9 April 2018

During World War II, I attended North Dallas High School and joined the Girl’s Victory Corps as soon as it was organized. Our gym teacher, Miss Keller, had started the organization in March of 1943. We volunteered to join but had to furnish our own uniforms. Our school principal, Mr. E. B. Comstock said this […]


8 April 2018

Only a few days before Mr. Cockrell arrived home, the town elected A. M. Moore as its new Marshall. I had a bad reaction when I heard about it because Mr. Moore owed us money that Mr. Cockrell had not been able to collect, and I knew my husband intended to have it out with […]


8 April 2018

During 1918 the influenza epidemic killed hundreds in Dallas and taxed hospital facilities to the limit, but when the Armistice was declared in November the epidemic was under control.  The first troops, belonging to the 133rd Field Artillery, returned from overseas  and participated in a victory parade through downtown Dallas in March 1919.  That same […]

LA REUNION, North Texas’ Second Colony

5 April 2018

After his return and in concluding his details of their journey to the area originally known as Three Forks, but now called the village of Dallas, Victor Considerant wrote, “I have seen the light of the Burning Bush, and in the last days of that journey, my mind was opened to a study, henceforth blended […]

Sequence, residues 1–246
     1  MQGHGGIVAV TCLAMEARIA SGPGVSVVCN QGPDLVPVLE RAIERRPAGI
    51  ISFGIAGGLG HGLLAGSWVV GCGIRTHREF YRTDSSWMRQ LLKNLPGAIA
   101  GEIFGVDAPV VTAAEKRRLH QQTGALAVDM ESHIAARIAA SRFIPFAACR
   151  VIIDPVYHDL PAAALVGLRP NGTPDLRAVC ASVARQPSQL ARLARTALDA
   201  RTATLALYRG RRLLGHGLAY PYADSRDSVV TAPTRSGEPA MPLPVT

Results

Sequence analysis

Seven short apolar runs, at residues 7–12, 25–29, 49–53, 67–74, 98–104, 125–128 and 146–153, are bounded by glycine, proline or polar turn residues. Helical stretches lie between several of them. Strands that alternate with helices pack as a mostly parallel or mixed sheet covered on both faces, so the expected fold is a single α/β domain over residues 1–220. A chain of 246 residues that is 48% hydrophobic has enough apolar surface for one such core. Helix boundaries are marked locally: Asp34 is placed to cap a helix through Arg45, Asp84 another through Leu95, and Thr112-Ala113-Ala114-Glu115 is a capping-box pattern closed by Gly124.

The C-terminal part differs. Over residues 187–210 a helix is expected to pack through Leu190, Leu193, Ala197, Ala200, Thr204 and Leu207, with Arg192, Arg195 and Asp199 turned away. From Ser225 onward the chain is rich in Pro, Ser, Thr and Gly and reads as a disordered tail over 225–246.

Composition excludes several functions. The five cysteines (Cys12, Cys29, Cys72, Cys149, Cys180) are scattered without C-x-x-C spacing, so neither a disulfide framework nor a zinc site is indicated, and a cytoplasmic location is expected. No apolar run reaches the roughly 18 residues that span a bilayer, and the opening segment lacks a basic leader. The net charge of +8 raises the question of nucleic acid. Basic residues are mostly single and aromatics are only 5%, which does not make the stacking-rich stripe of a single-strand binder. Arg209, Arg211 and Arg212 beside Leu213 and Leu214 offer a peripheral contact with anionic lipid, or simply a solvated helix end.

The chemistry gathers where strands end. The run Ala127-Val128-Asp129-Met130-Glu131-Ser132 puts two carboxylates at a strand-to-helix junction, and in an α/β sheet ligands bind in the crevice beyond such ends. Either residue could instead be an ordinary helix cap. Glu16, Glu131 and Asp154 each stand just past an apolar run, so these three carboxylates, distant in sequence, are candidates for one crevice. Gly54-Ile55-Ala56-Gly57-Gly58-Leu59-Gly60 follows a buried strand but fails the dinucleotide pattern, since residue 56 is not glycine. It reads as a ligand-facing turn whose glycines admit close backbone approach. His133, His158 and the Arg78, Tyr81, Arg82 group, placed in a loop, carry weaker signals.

OLD DALLAS CLUB, Early Landmark

3 April 2018

DALLAS IS KNOWN throughout the United States for the multitude of plush private clubs in the downtown district, some of them located on top of the city’s highest buildings with commanding views of the community. But the first, and one of the most imposing of all, was the old Dallas Club, a landmark that stood […]


3 April 2018

When I was a kid, and wanted to go somewhere, I rode the trolley from our house to the fairgrounds. We boarded the trolley on Colonial, transferred at Forest Avenue, (Martin Luther King) to a car going towards the Fairgrounds, the Myrtle car. At Myrtle we caught another car, the Fair Park car to the […]


1 April 2018

Jim Gatewood, author of “Decker” published in 1999, was visiting with me right after his book was released.  The following is a brief summary about the arrival of W. O. Bankston in Dallas as told by Gatewood. “W. O. Bankston arrived at Dallas in 1932 about dark as an unpaid occupant of a boxcar.  Not […]